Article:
A recent study, published in the International Journal of Nursing Studies, reveals a set of ten low-cost interventions that can increase safety on psychiatric wards. This Safewards Model reduces aggression, self-harm and other risky behaviours by 15% and reduces coercive control, such as restraint, by 24%.
The study stems from a 20-year research program led by Professor of Psychiatric Nursing, Len Bowers, at the Institute of Psychiatry, Psychology & Neuroscience, King's College London.
The study reveals that, by using a set of ten small, low cost, Safewards interventions aimed at increase staff skills and improve relationships with patients, conflict and containment rates fall significantly; unpleasant forms of coercion are reduced, making psychiatric wards more peaceful places where both patients and nurses feel safer. "Overall, less time wasted on containment and conflict management means more time can be devoted to the nursing care and support of patients," said Professor Bowers.
The ten Safewards interventions include:
(1) mutually agreed and publicised standards of behaviour by and for patients and staff;
(2) short advisory statements (called 'soft words') on handling flashpoints, hung in the nursing office and changed every few days;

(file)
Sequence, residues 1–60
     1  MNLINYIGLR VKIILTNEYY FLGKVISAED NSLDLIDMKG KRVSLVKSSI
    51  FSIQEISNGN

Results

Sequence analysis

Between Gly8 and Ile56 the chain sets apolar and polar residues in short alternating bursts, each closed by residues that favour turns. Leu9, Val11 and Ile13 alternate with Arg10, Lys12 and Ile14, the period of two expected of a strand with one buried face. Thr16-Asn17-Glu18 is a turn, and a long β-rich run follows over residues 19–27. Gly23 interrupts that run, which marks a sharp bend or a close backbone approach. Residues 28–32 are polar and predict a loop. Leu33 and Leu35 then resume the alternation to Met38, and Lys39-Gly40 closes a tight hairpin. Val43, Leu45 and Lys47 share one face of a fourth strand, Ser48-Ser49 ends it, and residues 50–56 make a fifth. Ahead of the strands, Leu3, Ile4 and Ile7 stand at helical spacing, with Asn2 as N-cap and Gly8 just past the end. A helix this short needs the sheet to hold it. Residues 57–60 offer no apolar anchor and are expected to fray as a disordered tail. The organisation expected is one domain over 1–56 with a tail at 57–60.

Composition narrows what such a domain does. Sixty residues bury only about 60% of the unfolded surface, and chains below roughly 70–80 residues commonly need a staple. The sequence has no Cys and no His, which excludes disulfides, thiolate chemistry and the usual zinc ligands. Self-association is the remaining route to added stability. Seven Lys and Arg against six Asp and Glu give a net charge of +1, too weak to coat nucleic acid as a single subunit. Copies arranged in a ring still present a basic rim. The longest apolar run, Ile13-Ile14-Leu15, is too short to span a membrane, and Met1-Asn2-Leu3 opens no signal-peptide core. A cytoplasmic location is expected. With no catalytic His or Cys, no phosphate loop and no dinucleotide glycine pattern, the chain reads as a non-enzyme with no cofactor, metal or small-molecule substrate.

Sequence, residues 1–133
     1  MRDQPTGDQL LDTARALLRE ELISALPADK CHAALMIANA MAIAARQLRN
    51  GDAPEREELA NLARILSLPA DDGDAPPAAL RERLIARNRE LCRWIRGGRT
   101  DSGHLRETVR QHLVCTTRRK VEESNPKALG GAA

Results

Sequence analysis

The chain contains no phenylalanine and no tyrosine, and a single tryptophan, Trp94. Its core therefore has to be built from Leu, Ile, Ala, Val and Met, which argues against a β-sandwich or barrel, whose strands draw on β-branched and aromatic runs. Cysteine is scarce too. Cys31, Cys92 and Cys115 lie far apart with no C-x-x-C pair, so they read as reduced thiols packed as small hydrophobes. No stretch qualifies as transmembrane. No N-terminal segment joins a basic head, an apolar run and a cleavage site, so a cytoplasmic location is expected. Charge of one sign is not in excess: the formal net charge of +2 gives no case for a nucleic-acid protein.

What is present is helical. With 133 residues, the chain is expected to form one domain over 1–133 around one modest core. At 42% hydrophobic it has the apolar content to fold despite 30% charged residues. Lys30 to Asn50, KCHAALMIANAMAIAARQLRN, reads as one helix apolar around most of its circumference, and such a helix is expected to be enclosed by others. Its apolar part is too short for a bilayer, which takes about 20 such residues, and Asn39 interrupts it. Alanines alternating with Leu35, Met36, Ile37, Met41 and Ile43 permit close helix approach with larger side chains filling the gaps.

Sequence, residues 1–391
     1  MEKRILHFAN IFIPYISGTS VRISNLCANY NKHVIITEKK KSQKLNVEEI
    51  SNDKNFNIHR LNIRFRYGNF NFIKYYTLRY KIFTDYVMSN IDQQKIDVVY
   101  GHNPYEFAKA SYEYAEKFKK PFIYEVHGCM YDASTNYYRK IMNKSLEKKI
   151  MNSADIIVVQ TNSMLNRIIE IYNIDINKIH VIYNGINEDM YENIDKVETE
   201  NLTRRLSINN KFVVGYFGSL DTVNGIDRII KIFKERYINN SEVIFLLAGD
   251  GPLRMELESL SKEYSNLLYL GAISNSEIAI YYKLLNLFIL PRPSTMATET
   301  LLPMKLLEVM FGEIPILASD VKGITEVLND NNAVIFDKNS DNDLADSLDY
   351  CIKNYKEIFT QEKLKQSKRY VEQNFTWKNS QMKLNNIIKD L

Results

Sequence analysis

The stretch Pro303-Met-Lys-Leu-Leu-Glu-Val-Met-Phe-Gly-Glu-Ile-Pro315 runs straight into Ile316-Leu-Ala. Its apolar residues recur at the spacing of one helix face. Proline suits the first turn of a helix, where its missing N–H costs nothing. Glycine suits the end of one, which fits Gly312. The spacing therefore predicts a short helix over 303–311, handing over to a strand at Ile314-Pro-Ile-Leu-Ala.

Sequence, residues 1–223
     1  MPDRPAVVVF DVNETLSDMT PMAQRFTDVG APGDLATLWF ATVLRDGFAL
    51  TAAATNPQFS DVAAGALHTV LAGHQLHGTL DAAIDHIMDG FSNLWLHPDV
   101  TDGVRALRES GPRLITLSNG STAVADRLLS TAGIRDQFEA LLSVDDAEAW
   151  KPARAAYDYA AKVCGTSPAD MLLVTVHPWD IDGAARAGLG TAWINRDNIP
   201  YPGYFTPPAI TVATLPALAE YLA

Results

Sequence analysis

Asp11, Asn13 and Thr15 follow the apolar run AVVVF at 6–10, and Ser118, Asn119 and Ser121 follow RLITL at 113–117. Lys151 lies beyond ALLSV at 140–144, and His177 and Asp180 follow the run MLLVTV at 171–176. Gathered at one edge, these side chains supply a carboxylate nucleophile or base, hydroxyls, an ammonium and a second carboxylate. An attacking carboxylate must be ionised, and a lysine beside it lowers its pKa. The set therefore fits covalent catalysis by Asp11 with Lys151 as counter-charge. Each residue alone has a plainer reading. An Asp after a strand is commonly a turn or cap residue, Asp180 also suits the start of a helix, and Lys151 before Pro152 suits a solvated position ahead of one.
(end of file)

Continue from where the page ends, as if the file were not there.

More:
(3) a de-escalation model used by the best de-escalator on the staff (as elected by the ward concerned) to expand the skills of the remaining ward staff;
(4) a requirement to say something good about each patient at nursing shift handover;
(5) scanning for the potential bad news a patient might receive from friends, relatives or staff, and intervening promptly to talk it through;
(6) structured, shared, innocuous, personal information between staff and patients (e.g music preferences, favourite films and sports, etc.) via a 'know each other' folder kept in the patients day room;
(7) a regular patient meeting to bolster, formalise and intensify inter-patient support;
(8) a crate of distraction and sensory modulation tools to use with agitated patients (stress toys, mp3 players with soothing music, light displays, textured blankets, etc.);
(9) reassuring explanations to all patients following potentially frightening incidents; and
(10) a display of positive messages about the ward from discharged patients.
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